These bylaws are enforced for discriminatory acts against many other minoritized groups. Why are Jewish students not getting equitable protection? We believe that the student population stands against bigotry of any kind and should speak up for those whose voices are not being heard. No club at the University of Toronto should be allowed to spread hatred against Jews, nor do we, Jewish students, deserve apathy from the university upon our reports of these incidents.
The town hall panel agreed that some of these issues have purportedly not been addressed because of a lack of clarity regarding what constitutes antisemitism. As with any other minoritized group, Jews have the right to define what antisemitism is. We do not need others to define this for us.
The International Holocaust Remembrance Alliance’s (IHRA) definition of antisemitism was designed to help people and administrators identify the various presentations of antisemitism, particularly the newer and more subtle forms. It also helps differentiate between the actions of individuals and governments, and expresses that there should not be double standards in how people react to Israel’s adoption of policies or legal action.
Yet this is what we see with the Boycott, Divestment and Sanctions (BDS) movement when Jewish students are immediately associated with, and assumed to be responsible for, all aspects of the Israeli-Palestinian conflict. Are Chinese students held responsible for the abuses against the Uighur population perpetrated by China? And along those lines, is the very existence of China as a sovereign state ever questioned? The answer is a resounding no, and they should not be. It seems only the legitimacy of the nation state of the Jewish people — Israel — is ever questioned or challenged.
Movements like BDS that claim that the IHRA definition of antisemitism restricts freedom of speech simply do not understand the IHRA definition. They claim the definition includes an overt, compulsive and hyperbolic focus on perceived transgressions committed by the Jewish state as being characteristics of antisemitism. Not only does the IHRA definition not stifle legitimate criticism of Israel by labelling them as antisemitic, but in fact, the IHRA emphasized that “criticism of Israel similar to that leveled against any other country cannot be regarded as antisemitic.” What could be clearer?
But in the end, and notwithstanding the legitimacy of the IHRA definition of antisemitism in relation to the State of Israel, antisemitic behaviour against Jewish students is intolerable, especially on our campus. Multiple students on the panel described the lack of security and inclusion experienced at the university. When we — the authors — are unable to recommend our campus to other Jews because of the environment, we know we have reached an entirely unacceptable point. Therefore, we ask students to stand in solidarity with the Jewish community and share these concerns.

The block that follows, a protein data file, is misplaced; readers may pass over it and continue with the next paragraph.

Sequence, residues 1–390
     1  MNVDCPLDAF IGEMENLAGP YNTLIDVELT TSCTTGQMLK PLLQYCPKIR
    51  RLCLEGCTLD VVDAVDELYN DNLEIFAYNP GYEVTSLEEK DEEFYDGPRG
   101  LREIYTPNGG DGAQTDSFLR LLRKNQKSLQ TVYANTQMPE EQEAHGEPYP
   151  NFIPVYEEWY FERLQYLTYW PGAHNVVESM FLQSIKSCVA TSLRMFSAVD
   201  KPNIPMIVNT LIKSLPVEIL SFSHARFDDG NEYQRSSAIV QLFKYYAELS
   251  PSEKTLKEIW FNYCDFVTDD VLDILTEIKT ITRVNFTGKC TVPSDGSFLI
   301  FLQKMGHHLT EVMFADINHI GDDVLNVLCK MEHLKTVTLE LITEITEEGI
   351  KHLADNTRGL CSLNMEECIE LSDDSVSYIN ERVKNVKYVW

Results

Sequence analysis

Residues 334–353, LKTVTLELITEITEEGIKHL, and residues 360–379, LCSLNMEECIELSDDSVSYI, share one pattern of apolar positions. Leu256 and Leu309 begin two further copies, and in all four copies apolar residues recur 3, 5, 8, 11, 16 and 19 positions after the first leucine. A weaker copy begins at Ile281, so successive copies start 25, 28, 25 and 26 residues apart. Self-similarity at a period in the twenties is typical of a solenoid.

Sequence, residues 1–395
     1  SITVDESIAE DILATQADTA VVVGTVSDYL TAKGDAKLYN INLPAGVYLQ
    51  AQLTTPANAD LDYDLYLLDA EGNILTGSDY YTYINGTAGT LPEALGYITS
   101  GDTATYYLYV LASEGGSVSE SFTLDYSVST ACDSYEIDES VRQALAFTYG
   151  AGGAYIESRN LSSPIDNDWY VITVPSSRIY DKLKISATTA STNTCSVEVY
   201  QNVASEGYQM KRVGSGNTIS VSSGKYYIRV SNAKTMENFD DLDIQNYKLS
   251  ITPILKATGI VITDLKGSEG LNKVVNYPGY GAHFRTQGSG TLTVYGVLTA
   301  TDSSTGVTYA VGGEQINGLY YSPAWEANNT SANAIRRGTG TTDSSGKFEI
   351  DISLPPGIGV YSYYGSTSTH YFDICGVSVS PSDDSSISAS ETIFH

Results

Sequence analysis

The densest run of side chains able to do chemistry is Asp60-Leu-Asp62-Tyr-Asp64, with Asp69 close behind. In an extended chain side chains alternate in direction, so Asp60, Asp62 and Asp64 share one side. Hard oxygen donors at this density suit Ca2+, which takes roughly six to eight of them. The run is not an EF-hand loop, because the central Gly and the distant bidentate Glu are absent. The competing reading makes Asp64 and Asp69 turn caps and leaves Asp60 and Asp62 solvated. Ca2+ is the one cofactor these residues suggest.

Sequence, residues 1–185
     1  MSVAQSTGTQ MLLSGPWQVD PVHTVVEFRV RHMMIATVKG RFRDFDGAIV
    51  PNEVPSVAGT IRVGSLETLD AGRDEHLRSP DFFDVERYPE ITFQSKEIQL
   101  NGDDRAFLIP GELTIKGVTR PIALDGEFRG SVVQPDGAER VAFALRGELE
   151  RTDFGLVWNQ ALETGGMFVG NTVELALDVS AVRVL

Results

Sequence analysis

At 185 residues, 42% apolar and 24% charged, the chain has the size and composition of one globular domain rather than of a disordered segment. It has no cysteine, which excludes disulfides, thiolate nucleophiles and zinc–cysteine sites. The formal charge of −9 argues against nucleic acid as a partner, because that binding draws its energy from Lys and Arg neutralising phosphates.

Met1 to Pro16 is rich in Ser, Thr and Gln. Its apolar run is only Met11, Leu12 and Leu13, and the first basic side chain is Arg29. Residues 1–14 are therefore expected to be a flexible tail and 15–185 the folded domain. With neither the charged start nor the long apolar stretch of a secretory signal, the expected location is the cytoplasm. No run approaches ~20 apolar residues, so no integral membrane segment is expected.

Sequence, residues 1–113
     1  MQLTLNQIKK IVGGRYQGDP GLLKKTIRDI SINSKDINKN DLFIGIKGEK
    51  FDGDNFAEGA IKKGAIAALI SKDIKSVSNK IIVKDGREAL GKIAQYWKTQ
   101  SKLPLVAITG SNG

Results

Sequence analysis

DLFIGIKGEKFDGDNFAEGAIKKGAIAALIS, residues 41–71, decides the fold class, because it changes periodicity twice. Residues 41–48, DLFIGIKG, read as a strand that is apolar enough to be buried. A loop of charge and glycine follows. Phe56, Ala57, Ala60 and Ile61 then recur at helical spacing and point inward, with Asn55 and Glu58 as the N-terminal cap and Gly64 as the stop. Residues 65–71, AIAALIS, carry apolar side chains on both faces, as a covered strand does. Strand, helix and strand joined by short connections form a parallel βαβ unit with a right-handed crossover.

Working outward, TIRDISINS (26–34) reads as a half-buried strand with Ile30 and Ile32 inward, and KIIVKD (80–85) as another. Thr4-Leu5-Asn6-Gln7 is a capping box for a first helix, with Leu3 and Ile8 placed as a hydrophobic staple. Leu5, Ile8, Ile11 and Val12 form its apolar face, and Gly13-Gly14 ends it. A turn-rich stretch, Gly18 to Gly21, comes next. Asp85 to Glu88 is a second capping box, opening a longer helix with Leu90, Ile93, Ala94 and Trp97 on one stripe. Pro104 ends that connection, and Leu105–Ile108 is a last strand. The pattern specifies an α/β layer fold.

The University of Toronto is a world-renowned learning and research institute with extensive equity bylaws. As Jewish students, we should be allowed to focus on our studies and not be required to defend our mere presence on campus and worry about being singled out for hate. Now is the time to use existing bylaws — hopefully informed in part by the IHRA definition of antisemitism — to allow us to be students in the truest sense.
To emphasize this point further, we call on the university to adopt the IHRA definition of antisemitism, just like the federal government, the provincial government, the University of Manitoba’s student union, the University of Western Ontario’s student union, the Global Imams Council, and many other international universities, organizations, and countries have done.
Gabriela Rosenblum is a fifth-year student doing a psychological science co-op at UTSC. Yardena Rosenblum is a third-year student doing a neuroscience co-op at UTSC. Gabriela is a Hasbara Fellow and executive of Jewish Student Life at UTSC, and Yardena is the president of Jewish Student Life at UTSC, a Hillel Student Leader and a StandWithUs Canada Emerson Fellow.